On the night of March 6th Williamson's men hid in the forest a mile from Gnadenhutten. Daylight revealed the unexpected number of Indians working in the fields around the town. There was no mistaking their identity since, as a feature of their religious training, the converts had abjured Indian paint and ornamentation and dressed and wore their hair according to white fashion. Nevertheless, the attackers made their approach to the town with as much military stealth and energy as if it were being defended by Shawnee or Wyandot warriors. Care was taken to surround the place so that there might be no escape. Six Indians, including one woman, who chanced at intervals to be encountered in the woods outside the town were killed.
When the assailants suddenly closed in, the Moravians made no effort to resist or escape and were at first not even frightened. They readily accepted the preliminary white assertion that all that was intended was to remove them to Pittsburgh where they would be fed and kept safe until the war was over. Most professed to prefer this prospect to a return to their harsh Sandusky exile. The Moravian contingent at Schonbrunn had meanwhile fled into the forest, having been warned in time by one of their number who had stumbled upon the body of one of the six Indians killed in the intervening woods during the white approach to Gnadenhutten. But those at the third town, Salem, having had no such timely warning, unhesitatingly accepted a white delegation's assurances of friendliness and joined their companions in Gnadenhutten.
A total of 90 Moravian men, women, and children had been assembled, disarmed, and confined in their chapel where they awaited, still trustingly, the indicated move to Pittsburgh. There had been ten years of intercourse between the mission and the frontier, frequent social and commercial contacts, most of the Indians knew many of their captors by sight, some even by name, and there was even yet no suspicion of white intentions. But what was now going on outside the chapel was the holding of a kind of kangaroo court as the undisciplined intruders debated with increasing heat what disposition actually to make of their prisoners. A minority, afterwards said to have numbered at most 18, favored taking them unharmed to Pittsburgh as had been promised. They argued that the Moravian Indians were Christians whose conduct had always been inoffensive and recalled how often their pastors, Heckewelder and Zeisberger, had furnished the frontier with information and warnings. But the much more vehement majority continued to insist that the prisoners still were Indians. Search of the three towns had disclosed many articles of white manufacture, branded horses, and similar indications which could be construed as evidence that some at least of the residents had been engaged in attacks upon the frontier. Later assertions were made that blood-stained clothing and even scalps had been found. Whatever view might be taken of these inferences, there could be little doubt that hostile war parties in their excursions to and from the frontier had habitually demanded and necessarily been granted shelter by the pacifist mission communities. The majority verdict, therefore, was death. The minority advocating clemency turned their backs and made no further protest.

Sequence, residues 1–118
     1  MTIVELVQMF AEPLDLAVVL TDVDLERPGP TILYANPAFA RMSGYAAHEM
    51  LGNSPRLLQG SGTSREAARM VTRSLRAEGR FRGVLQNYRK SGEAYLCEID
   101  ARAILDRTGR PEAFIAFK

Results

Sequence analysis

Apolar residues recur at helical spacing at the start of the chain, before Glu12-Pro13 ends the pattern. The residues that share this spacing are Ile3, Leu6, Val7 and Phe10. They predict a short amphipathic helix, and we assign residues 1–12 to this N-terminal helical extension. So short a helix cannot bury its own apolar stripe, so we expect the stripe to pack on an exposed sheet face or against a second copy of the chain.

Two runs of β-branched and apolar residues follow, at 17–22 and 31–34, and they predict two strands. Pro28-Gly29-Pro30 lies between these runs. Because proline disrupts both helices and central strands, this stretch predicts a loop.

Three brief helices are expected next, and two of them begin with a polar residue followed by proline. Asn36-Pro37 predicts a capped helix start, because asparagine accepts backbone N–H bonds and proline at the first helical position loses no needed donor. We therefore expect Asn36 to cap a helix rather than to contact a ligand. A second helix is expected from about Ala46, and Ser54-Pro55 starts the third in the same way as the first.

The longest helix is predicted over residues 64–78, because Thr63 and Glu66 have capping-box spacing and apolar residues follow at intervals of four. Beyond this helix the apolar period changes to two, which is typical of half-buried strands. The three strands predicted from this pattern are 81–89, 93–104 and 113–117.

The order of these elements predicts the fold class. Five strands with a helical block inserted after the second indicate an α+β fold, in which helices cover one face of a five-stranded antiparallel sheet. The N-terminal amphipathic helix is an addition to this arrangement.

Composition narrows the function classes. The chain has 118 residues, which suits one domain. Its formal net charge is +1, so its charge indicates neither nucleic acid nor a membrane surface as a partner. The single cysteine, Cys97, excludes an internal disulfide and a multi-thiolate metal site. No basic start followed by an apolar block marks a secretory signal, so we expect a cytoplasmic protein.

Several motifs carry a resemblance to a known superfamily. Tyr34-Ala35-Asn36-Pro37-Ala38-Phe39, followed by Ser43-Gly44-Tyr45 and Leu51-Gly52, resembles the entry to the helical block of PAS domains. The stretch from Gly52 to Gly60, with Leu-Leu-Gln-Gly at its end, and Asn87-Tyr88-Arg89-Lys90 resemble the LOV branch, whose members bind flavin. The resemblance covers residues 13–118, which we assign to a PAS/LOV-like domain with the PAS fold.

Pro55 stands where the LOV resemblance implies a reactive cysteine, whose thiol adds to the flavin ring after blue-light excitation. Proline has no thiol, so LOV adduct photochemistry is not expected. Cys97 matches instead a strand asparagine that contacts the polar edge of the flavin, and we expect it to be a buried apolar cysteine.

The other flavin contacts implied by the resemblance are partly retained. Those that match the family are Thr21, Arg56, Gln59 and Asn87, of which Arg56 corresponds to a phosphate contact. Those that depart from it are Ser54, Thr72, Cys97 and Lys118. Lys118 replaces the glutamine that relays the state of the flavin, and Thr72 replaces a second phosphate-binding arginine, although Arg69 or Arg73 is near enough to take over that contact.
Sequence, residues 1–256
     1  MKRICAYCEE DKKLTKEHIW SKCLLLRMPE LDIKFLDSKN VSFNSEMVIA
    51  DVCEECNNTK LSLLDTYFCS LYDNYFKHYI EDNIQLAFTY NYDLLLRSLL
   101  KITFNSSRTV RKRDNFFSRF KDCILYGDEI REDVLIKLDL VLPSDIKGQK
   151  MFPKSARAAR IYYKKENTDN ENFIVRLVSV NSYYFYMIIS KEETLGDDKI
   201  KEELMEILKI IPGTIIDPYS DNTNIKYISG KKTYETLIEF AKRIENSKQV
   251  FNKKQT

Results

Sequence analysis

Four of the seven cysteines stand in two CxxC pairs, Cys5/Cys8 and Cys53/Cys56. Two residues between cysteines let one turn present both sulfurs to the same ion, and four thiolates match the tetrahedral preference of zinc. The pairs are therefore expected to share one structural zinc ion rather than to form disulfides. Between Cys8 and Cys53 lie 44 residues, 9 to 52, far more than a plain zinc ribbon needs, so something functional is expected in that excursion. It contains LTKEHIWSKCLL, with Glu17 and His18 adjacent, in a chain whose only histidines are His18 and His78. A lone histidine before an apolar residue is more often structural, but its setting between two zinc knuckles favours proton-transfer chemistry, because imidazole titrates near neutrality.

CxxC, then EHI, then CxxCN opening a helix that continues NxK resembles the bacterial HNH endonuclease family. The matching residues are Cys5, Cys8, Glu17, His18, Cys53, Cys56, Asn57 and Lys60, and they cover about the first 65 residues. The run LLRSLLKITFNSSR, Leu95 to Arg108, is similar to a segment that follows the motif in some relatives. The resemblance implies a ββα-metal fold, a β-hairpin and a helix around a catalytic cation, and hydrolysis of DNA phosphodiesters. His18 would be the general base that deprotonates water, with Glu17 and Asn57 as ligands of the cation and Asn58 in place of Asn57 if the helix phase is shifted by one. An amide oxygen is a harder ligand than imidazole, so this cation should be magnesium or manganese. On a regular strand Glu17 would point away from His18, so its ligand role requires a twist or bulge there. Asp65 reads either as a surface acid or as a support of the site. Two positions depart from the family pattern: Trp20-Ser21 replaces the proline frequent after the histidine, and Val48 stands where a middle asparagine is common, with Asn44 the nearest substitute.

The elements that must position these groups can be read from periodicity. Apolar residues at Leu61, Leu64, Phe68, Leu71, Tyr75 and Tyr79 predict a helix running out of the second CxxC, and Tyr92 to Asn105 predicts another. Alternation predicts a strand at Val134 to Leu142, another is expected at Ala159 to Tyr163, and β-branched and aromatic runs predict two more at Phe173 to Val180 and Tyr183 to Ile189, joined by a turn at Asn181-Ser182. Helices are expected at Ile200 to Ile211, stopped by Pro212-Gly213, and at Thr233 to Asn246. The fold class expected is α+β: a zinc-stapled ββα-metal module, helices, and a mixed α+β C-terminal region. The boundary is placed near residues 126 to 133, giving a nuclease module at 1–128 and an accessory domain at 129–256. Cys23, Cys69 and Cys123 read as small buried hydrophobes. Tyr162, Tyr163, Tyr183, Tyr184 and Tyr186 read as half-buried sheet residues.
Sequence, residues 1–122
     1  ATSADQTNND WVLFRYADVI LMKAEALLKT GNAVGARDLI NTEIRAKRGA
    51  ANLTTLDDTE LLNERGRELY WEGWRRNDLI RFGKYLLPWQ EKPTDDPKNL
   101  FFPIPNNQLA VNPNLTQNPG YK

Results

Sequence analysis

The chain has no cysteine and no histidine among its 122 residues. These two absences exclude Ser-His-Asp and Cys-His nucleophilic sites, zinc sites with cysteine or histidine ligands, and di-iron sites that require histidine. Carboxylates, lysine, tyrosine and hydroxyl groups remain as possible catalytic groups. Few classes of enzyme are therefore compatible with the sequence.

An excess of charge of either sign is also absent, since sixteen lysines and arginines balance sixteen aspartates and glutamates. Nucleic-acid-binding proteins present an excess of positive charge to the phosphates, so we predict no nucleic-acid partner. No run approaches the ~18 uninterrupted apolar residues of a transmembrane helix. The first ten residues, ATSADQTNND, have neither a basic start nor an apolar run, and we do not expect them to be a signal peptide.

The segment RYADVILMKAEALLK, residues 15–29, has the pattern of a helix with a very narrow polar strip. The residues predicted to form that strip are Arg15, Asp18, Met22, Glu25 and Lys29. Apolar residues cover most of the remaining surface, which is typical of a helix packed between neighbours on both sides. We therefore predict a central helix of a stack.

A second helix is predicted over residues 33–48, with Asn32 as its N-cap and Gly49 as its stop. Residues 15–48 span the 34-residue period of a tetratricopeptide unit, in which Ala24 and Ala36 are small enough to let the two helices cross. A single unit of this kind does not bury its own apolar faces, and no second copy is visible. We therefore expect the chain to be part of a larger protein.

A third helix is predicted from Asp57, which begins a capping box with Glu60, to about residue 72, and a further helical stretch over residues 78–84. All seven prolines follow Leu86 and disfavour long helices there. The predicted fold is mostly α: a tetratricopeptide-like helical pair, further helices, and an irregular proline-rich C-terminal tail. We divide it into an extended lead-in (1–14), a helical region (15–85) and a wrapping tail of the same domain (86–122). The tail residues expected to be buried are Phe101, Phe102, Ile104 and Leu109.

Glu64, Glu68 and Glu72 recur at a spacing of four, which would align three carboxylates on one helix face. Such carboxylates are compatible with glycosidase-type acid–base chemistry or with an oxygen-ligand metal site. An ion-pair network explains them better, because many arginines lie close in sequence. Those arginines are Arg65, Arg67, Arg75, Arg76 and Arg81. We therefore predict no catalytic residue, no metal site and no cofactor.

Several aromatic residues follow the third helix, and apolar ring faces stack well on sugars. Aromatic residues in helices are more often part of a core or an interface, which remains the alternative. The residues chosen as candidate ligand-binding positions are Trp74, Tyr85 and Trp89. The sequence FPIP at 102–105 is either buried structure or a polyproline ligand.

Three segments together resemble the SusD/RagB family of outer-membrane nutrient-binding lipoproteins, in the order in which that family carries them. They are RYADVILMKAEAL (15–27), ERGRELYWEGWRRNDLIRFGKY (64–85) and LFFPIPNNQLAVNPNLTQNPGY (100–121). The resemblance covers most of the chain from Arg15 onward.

When informed of their fate the Moravians begged for time to prepare themselves. They spent the night praying, singing hymns, and exchanging farewells. At dawn they were dragged with ropes, two or three at a time, to one or the other of two houses, thereafter referred to by the white participants as the "slaughter houses". Most were dispatched with a cooper's mallet, a tool belonging to one of the mission artisans. When one executioner's arm tired, the hammer was passed to another eager to take his turn. Of the 90 killed, 29 were men, 27 women, and 34 children. All were scalped and the trophies taken home by frontiersmen who by now had become accustomed to set as high a value on these tokens of personal prowess as did any warrior.
A Company of Heroes by Dale Van Every, pages 285-286
William Morrow & Company, New York, 1962